We agree generally with Usher and the federal cases it cited that, in order to “cause” a violation of the Labor Code, an individual must have engaged in some affirmative action beyond his or her status as an owner, officer or director of the corporation. However, that does not necessarily mean the individual must have had involvement in the day-to-day operations of the company, nor is it required the individual authored the challenged employment policies or specifically approved their implementation. But to be held personally liable he or she must have had some oversight of the company's operations or some influence on corporate policy that resulted in Labor Code violations.

The record in the present case amply supported the trial court's finding Tseng “caused” the Labor Code violations within the meaning of section 558.1. It was undisputed Tseng was the sole owner and president of both HRT and Hepta Run, and he admitted he had approved the policy regarding payment of truck drivers that violated various provisions of the Labor Code. Although he testified he had no involvement in or knowledge of the business's operations the trial court did not credit that testimony, justifying the conclusion Tseng knew how his drivers were paid (and not paid).

4. Hepta Run and Tseng's Arguments Challenging the Sufficiency of the Evidence Have Been Forfeited

In their opening brief Hepta Run and Tseng present a convoluted, two-page argument that, while briefly suggesting error in the statement of decision and rearguing the federal preemption issue, appears to challenge the trial court's judgment on substantial evidence grounds. However, despite pointing out that each of Espinoza's 11 causes of action “has required elements that need to be established by a preponderance of the evidence,” in their opening brief Hepta Run and Tseng fail to identify those elements or provide any legal argument explaining how the evidence at trial was insufficient to support a finding those elements had been met.12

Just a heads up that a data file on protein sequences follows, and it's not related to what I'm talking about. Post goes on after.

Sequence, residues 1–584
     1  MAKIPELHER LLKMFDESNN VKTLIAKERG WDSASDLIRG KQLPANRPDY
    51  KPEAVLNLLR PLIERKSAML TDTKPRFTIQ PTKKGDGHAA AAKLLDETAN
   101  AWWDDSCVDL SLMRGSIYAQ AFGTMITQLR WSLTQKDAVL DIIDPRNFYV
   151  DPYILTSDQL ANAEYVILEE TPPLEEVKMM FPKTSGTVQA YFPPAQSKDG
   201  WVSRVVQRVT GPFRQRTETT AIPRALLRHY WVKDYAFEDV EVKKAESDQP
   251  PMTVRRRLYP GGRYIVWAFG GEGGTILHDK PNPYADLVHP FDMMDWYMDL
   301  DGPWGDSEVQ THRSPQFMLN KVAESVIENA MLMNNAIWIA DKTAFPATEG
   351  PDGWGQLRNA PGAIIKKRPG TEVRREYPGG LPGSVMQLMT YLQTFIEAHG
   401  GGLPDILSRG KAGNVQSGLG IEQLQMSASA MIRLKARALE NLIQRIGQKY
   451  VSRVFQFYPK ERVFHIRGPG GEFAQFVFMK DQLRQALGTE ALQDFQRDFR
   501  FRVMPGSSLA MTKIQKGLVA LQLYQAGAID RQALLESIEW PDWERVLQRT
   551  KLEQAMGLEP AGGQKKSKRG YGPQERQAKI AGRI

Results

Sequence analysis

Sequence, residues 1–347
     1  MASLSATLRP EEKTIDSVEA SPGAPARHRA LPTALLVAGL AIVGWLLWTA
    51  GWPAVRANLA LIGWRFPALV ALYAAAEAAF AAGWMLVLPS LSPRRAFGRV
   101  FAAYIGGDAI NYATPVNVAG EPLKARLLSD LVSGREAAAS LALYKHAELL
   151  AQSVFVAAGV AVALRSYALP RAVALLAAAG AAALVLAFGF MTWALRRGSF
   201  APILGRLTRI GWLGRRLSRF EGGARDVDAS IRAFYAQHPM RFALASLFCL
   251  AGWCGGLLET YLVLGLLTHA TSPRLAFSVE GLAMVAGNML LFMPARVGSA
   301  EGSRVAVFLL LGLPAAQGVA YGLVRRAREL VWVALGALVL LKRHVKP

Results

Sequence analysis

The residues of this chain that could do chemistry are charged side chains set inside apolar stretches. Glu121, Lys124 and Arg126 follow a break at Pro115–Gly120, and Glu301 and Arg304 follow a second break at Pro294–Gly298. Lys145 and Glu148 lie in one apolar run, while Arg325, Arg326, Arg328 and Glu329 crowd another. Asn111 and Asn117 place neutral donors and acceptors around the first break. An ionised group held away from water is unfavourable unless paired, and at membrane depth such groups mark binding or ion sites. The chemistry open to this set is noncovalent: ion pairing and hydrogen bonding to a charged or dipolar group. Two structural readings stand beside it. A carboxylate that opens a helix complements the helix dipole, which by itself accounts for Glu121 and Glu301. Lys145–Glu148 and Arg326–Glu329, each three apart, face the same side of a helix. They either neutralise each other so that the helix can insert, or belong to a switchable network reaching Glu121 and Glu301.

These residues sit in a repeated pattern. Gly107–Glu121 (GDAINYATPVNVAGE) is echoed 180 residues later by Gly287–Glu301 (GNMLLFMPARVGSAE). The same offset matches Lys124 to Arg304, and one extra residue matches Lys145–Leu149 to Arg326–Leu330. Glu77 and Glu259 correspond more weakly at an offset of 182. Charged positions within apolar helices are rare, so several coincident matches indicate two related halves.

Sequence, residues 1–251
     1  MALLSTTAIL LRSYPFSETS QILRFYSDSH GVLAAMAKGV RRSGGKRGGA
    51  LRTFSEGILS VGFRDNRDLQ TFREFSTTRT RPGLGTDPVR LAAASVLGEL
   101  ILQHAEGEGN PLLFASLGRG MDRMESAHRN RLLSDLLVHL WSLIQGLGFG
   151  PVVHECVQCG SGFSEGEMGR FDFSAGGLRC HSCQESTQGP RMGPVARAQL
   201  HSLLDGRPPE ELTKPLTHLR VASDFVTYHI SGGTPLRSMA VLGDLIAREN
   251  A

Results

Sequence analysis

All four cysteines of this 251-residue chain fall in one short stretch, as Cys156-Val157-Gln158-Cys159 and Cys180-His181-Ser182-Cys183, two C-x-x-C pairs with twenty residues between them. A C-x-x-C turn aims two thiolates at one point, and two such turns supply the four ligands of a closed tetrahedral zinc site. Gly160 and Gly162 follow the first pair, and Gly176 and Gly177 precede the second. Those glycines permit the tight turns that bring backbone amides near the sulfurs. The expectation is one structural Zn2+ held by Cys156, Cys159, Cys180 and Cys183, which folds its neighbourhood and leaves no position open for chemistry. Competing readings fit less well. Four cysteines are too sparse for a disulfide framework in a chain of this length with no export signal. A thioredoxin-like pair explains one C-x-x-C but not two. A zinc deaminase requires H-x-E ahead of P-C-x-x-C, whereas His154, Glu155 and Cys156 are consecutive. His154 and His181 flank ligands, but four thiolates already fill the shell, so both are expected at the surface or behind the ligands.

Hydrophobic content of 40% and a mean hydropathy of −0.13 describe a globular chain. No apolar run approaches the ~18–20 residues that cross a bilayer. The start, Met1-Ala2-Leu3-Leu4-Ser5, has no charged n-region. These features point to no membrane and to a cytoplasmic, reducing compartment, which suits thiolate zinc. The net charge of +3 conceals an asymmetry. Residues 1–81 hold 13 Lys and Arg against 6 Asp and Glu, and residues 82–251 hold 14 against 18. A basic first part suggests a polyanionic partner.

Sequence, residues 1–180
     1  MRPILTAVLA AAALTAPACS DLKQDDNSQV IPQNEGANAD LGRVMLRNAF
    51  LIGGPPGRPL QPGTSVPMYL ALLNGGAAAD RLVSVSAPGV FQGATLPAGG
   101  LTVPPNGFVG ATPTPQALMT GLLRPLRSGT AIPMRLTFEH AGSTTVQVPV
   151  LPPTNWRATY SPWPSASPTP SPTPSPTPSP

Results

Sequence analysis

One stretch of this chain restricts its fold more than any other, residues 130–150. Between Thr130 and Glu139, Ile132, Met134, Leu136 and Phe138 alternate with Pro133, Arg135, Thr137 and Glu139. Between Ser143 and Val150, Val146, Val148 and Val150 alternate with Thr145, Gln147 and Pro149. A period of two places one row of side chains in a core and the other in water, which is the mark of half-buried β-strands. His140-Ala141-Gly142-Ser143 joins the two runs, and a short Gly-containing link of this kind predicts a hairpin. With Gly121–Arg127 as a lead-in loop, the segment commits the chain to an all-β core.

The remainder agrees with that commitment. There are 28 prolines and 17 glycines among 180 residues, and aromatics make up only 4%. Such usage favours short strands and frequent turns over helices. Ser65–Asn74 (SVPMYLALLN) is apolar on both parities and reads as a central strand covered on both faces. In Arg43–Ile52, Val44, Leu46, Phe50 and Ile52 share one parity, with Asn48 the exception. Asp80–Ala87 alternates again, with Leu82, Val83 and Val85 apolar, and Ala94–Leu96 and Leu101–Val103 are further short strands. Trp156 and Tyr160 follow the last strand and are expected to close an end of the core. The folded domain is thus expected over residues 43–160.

Hepta Run and Tseng's challenge to the sufficiency of the evidence to support the court's ruling has been forfeited. (See Mansell v. Board of Administration (1994) 30 Cal.App.4th 539, 545-546, 35 Cal.Rptr.2d 574 [“ ‘an appellate brief “should contain a legal argument with citation of authorities on the points made. If none is furnished on a particular point, the court may treat it as waived, and pass it without consideration” ’ ”].) They have failed to make even a minimum showing warranting consideration. (See Del Real v. City of Riverside (2002) 95 Cal.App.4th 761, 768, 115 Cal.Rptr.2d 705 [“it is counsel's duty to point out portions of the record that support the position taken on appeal”; “[t]he appellate court is not required to search the record on its own seeking error”]; Mansell, at pp. 545-546, 35 Cal.Rptr.2d 574 [it is not the proper function of court of appeal to search the record on behalf of appellants or to serve as “backup appellate counsel”].)